In The Garden: Don’t let plants be caught cold

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WE’RE into the final push for Christmas and as you get things straightened out for guests or simply for a quiet day, think about moving plants inside for protection or to force growth so you’ll be ahead in the spring.

Forced bulbs such as paper whites (Narcissus papyraceus) are a common feature of Christmas decorations, providing scent as well as a reminder of outside, but other plants can be brought inside such as geraniums or begonias. Any change in conditions – even if better – will stress plants so choose only those which are healthy and disease free. Bugs will rapidly multiply in warmer conditions so take care not to give them a cosy berth. Also, try not to move plants to too warm a space in your home – a bright porch or cooler hallway would be ideal. A garage or shed can also be a good place to allow plants to have a dormant and frost-free period. Lavender (Lavandula) and rosemary (Rosmarinus officinalis) will do well in such spaces as long as they are not allowed to dry out entirely.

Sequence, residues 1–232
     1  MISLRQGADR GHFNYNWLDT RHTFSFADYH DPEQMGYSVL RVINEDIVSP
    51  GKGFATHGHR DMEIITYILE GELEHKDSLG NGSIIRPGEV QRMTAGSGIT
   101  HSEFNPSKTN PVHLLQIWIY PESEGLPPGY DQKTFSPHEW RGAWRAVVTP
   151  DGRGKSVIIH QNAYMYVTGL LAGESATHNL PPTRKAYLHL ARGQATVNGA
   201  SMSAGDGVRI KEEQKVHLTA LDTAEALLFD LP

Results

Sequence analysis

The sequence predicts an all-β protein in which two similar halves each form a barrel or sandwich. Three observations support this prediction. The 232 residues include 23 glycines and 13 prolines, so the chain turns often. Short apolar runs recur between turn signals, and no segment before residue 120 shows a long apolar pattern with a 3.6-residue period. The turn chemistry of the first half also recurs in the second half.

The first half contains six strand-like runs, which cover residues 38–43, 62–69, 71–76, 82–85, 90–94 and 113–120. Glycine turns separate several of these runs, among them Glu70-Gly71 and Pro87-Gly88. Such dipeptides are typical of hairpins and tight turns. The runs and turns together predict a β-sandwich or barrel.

Plants in garden beds or larger containers which can’t be moved can be protected from heavy frosts and most snowfalls with a cosy wrapping of horticultural fleece. This comes in rolls, is easy to use and is usually just enough to keep frost nipping at tender shoots and spoiling either early spring growth or flower buds on shrubs such as Camellia. One of our clients also uses the ready-made fleece bags which are simply popped over the top of taller bushes and shrubs such as bay (Laurus nobilis) which are pricey to replace and slow growing should a limb be damaged with the cold.

If your inside space is too small for both plants and relatives over the festive period, you may just have to make a choice, or you could simply move outside containers close to the walls of the house as this will provide a degree of protection from the cold. Take care that you don’t inadvertently place plants in a worse position by putting them in a wind tunnel between two walls.

Finally, you can bring the outside in by sitting and planning your garden. Now is a great time to look at your dormant garden to see where there are gaps in colour or winter interest. Make a wish list and if Santa doesn’t come up with the goods, a trip to the garden centre may be the perfect antidote to too much turkey.

n Jackie Macdonald is a partner in Small Green Spaces, which specialises in gardening for small urban spaces using locally and ethically sourced materials.

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